Anti Smog air pollution mask company founders fund air quality research, raise awareness

NUR-SULTAN – Anti Smog air pollution mask company founders Dayana Tazhimuratova and Aisulu Tystykbayeva fund Kazakh air quality research and work on ways to increase awareness and counter air pollution.

Photo credit: @anti.smog Instagram account.

“Since we had health problems caused by air quality, we searched for a solution that could help us first of all to not feel so bad,” said Tystykbayeva.

“We realised that something has to be done. Particularly, we had to find a simple solution like masks. We started looking for good masks and we thought that since we need masks, other people in situations similar to ours [might also need them]. So, to make people’s lives easier, we purchased our test batch. Then, we were able to meet with Nassiba (Baimatova, PhD, Senior Scientist at the Biosphere Ecology Laboratory) and find out that the problem of smog is poorly researched and funded, so we had to act upon it,” she continued.

The company decided to approach the smog problem from several perspectives, trying to provide a short-term solution as well as more long-term efforts of educating the Kazakh population about air quality and funding further research.

“We see Anti Smog as a multi-faceted solution to the problems of air-pollution. First of all, we put in a lot of effort into educating the general population about the issue with smog. We ‘decode’ scientific articles and share actionable tips and other useful information in an entertaining manner,” said Tazhimuratova.

“On a personal level, we offer long-lasting masks so that an individual can effectively protect himself or herself from harmful particles (particulate matter (PM) 2.5). Most importantly, we sponsor air quality research; in particular, we are worried about the presence of volatile organic compounds in the air. Those are highly toxic for human organisms and unfortunately, there is nothing being done in that direction. This is why we stepped up to fill that niche,” she noted.

She cited chronic fatigue, allergies and possibly even cancer among the particularly troubling health consequences of pollution.

“Some of the milder consequences of the ‘bad air’ are chronic fatigue, allergies and headaches. We had all of those symptoms; this is why we spent last winter in panic. There is a tonne of research and resources, for example by WHO (World Health Organisation), which presents alarming data about air quality and its effect on people. For example, Kazakhstan has the highest mortality rate from lung disease. Naturally, we started looking for solutions that are simple and actionable,” she added.

Tystykbayeva highlighted lack of awareness regarding the pollution problem as a key challenge in their business, which they try to conquer using social media posts on pollution and ways to counter it.

“I think that on the one hand, there is an issue of raising awareness among our target audience, as we can’t just start selling our masks. A person should understand what is happening, that PM 2.5 is bad, what its consequences are, etc. In this aspect, we talk about smog and we try to make our information accessible and easy to act upon. For example, how you can protect yourself on a basic level, such as not going outside when the smog is especially intense, following the PM 2.5 concentration. We also try to make our content helpful for people who will not buy our masks,” she said.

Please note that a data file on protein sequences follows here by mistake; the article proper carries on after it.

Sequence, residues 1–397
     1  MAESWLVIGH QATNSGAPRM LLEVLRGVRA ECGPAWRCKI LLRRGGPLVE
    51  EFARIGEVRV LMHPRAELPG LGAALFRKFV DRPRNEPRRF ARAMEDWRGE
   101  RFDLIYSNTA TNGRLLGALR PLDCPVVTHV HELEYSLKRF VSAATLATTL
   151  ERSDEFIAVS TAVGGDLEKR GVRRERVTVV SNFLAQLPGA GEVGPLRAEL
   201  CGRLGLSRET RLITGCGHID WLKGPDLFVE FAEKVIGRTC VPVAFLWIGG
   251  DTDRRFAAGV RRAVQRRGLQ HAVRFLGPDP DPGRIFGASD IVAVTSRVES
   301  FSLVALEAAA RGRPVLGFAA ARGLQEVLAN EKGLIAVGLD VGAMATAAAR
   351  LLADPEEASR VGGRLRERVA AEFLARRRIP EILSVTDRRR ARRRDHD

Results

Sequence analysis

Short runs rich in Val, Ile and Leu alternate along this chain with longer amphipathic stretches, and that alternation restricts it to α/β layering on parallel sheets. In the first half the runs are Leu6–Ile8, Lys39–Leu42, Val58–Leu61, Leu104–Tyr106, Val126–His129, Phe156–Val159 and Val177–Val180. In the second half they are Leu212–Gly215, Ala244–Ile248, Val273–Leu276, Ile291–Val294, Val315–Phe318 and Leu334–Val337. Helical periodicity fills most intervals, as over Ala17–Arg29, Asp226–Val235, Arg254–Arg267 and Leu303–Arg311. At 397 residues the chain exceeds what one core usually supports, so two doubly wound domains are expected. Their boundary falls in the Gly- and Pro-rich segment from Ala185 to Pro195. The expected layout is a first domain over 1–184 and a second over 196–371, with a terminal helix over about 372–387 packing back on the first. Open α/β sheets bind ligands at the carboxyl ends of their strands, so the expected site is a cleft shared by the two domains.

Another problem is in the perception of cheaper alternatives having the same quality, said Tystykbayeva.

“The second problem we faced is people who say that there are masks that are sold on AliExpress (Chinese online marketplace website) and we charge a lot for them. That’s not true; we work with the factories directly, but by purchasing masks from AliExpress you can never be sure of the seller or the product. This way, we can ensure good quality masks that will be usable for a long time, as one can purchase disposable masks, but this practice is not environmentally sustainable. We wanted to make our product as sustainable as possible, to sell our masks as kits with enough filters to last the entire heating season, so the customer could buy our kit and forget about the smog problem,” she said.

Tazhimuratova suggested a collaborative systemic solution involving city administrations and the scientific community as the long-term definitive solution to the air quality problem.

“To effectively solve the issue, I think we have to come up with larger-scale, systemic solutions. Ideally, that would include working with both the city administration and scientific community,” said Tystykbayeva.

The company aims to reduce costs while maintaining the same quality to make the products more accessible, she noted.

“We would like to look for high quality, cheaper alternatives, so less privileged customers could also afford smog protection. Also, we pay a lot of attention to air quality monitoring, so starting with that we will see what to do and in which direction to move,” she added.

Anti Smog currently operates in Almaty and the capital, with their products available through their @anti.smog Instagram shop.